reduced dose of metformin due to difficulty in dose adjustment. About one fifth of global cancer burden is attributable to some specific chronic infections.1 Sexual and/or blood-borne transmission of hepatitis B virus (HBV), hepatitis C virus, human papilloma virus (HPV) and human immunodeficiency virus (HIV) is related to the occurrence of a number of cancers like hepatic, cervical, and others. In Nepal, the burden of cancers is reported to be higher in females.3 The 100% condom program in Thailand was quite successful in preventing HIV transmission.13 The educational message like “Avoid multiple sex partners” is inappropriate in the developing countries where extra-marital sex is most likely to involve commercial sex workers with poor health and economic conditions. The message for safer sex needs to be relevant and acceptable to the local situation like “Avoid any sex outside marriage or else use condom consistently”.14 Apart from ‘The 100% Safer Sex Program’, Universal precautions in the health settings and appropriate immunization against HBV and HPV are other considerations.6 HBV vaccination to infants is recently introduced in the immunization program. Vaccination should be provided to health professionals and trainee-students against diseases to which they are exposed during the course of their duty as an urgent priority to protect them and their spouses and offspring. In a study in Nepal, nurses and non-professional health-staff were significantly more affected by HBV infection than others.15 In some limited and nation-wide surveillance studies conducted in Nepal, prevalence of both behavioral and intermediate risk factors for major NCDs like obesity and hypertension were remarkably high.16,17 Tobacco products causing NCD also include smokeless-tobacco like snuff, gutkha, gul, chimo, mawa, nass, pan masala, tambaku and others.18 These are commonly consumed in our regions. Similarly, partially hydrogenated fats, vegetable ghee, a clarified butter commonly used in cooking in South-East Asian countries contains trans-fatty acids (TFA) levels as high as 50%.19 Industrialized countries aim to reduce the consumption of industrial TFA to less than 1%. Above behavioral risk-factors alone, however, cannot explain the rapid rise of diabetes and CVD. The intricate relations of NCD with Mother and Child Health (MCH) have assumed prime importance for NCD control.6,20 The dissociation in metabolic states of fetal life with nutritional want and adult life with nutritional surfeit causes rapid transition in the nutritional status of population which exposes the fetus to an adverse environment in utero leading to permanent programming of tissue function and a risk of cardiovascular and renal diseases, obesity and metabolic syndrome.21 The nutritional supplementation program to infants has been implemented in Nepal. Similar programs for females of reproductive age in rural and poorer sectors of society will help to improve the nutritional and metabolic status of fetus during pregnancy. The other important factor in relation to NCD and MCH is the metabolic imprinting of fetus due to clinical or subclinical maternal hyperglycemia during pregnancy with subsequent substantially enhanced risk of diabetes, obesity, CVD and other NCDs in the offspring.20 Risk of glucose intolerance even in non-pregnant adult appears to increase when BMI rises more than the middle of the recommended number.5 The pre-pregnancy weight of women should be optimum, preferably below the middle of the recommended BMI for the population, to decrease the risk of even sub-clinical hyperglycemia during pregnancy leading to fetal metabolic programming. Lastly in relation to MCH, breastfeeding needs to be promoted vigorously as it reduces the risks of obesity, cancer, CVD and diabetes not only in the offspring but also in mothers.22 Thus for the adequate and timely control of diabetes and other NCD epidemic, Mother and Child Health has become the key priority. This can be effectively summarized and highlighted by poster campaign.23As NCDs are multi factorial, their prevention and control should be attempted by regulating those factors. The following important ten measures are recommended to reduce the burden NCD. 1) regular physical activity 2) healthy diet 3) healthy body weight 4) avoiding tobacco use in any form and reducing indoor and outdoor air pollution 5) avoiding alcohol 6) universal safer sex, universal precautions and vaccination against HBV and HPV 7) control of hypertension 8) nutritional supplementation to females of reproductive age in rural and poorer sectors of society 9) breastfeeding; and 10) maintenance of optimum pre-pregnancy weight of women, preferably below the middle of the recommended BMI range.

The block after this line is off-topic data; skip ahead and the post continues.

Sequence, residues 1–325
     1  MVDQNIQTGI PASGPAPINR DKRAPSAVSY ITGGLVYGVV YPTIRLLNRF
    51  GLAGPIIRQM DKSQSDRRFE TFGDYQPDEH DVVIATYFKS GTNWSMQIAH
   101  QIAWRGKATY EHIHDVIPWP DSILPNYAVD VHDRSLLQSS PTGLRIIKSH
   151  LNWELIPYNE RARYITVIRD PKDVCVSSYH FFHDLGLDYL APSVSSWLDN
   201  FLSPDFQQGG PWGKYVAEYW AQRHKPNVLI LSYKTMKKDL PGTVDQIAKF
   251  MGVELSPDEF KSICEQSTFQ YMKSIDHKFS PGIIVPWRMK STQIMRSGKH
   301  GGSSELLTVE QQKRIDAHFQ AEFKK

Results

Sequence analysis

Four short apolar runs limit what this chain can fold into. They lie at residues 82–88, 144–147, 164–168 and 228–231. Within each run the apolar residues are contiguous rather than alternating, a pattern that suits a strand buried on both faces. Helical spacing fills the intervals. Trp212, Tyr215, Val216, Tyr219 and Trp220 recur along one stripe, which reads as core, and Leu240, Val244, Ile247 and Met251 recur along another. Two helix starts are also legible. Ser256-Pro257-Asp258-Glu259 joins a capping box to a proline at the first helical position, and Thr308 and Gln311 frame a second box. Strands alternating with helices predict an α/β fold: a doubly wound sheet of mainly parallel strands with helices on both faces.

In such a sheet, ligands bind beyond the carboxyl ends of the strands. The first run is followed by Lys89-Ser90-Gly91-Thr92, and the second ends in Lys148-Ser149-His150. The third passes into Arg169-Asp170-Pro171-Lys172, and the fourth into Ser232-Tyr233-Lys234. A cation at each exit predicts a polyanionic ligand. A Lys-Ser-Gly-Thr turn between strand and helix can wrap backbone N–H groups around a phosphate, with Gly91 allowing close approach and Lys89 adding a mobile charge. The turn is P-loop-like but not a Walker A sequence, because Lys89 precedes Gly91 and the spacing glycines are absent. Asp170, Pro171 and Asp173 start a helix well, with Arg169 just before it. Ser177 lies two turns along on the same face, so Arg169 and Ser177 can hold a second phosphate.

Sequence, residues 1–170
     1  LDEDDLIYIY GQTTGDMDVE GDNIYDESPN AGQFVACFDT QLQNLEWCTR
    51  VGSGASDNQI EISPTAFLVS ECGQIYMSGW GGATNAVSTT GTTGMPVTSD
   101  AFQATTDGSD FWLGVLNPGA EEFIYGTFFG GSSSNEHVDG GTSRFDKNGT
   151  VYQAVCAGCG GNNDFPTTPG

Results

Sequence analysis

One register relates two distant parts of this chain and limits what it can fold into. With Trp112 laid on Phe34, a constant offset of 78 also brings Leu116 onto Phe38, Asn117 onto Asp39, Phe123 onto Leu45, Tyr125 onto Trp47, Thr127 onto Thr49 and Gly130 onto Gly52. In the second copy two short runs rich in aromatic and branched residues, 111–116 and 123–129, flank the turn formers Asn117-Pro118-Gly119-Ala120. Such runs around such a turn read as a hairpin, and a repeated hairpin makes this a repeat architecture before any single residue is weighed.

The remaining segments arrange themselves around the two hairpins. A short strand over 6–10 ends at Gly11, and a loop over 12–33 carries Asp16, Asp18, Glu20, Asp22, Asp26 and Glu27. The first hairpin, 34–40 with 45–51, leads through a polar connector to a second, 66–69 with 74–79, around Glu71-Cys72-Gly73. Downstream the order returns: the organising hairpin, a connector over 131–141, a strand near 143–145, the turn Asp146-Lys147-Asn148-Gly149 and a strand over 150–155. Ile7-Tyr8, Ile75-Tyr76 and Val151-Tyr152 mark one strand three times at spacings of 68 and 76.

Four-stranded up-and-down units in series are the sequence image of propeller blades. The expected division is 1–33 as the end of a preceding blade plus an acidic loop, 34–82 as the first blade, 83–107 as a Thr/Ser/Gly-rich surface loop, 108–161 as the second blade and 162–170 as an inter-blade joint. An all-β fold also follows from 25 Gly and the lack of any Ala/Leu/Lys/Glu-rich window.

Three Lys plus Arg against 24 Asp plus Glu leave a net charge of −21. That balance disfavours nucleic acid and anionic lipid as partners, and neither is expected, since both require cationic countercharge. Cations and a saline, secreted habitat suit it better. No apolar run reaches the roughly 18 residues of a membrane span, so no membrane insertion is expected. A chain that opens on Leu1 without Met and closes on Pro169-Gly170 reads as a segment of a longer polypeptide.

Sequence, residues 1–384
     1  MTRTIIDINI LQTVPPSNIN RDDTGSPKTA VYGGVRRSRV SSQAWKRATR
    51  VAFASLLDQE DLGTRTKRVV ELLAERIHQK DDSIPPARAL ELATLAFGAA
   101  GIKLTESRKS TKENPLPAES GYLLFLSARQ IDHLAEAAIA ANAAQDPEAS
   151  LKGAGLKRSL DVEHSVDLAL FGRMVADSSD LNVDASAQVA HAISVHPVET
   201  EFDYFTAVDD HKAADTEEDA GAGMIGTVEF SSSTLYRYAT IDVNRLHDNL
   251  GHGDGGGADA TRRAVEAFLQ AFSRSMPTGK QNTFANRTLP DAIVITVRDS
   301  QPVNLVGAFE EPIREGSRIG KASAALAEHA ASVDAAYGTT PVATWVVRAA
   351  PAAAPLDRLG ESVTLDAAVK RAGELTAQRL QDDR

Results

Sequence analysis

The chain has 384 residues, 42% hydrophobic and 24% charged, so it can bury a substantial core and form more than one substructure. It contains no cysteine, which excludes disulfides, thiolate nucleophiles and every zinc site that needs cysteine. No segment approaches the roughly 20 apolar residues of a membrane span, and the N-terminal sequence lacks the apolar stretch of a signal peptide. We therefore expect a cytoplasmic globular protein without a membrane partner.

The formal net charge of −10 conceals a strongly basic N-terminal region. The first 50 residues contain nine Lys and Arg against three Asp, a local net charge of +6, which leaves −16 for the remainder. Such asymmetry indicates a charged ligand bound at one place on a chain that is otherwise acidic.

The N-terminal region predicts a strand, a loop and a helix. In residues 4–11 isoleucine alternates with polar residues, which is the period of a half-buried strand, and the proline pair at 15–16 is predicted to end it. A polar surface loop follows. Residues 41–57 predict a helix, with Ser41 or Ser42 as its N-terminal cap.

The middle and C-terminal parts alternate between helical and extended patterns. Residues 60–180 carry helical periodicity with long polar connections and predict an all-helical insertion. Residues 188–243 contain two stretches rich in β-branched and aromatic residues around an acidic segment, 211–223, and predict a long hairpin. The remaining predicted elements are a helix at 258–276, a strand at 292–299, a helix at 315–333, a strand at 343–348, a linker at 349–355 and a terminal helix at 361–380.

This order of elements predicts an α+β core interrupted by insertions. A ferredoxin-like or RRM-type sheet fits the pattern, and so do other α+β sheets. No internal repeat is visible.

1. WHO. Global Status Report on Noncommunicable Diseases 2010. Geneva: WHO, 2011.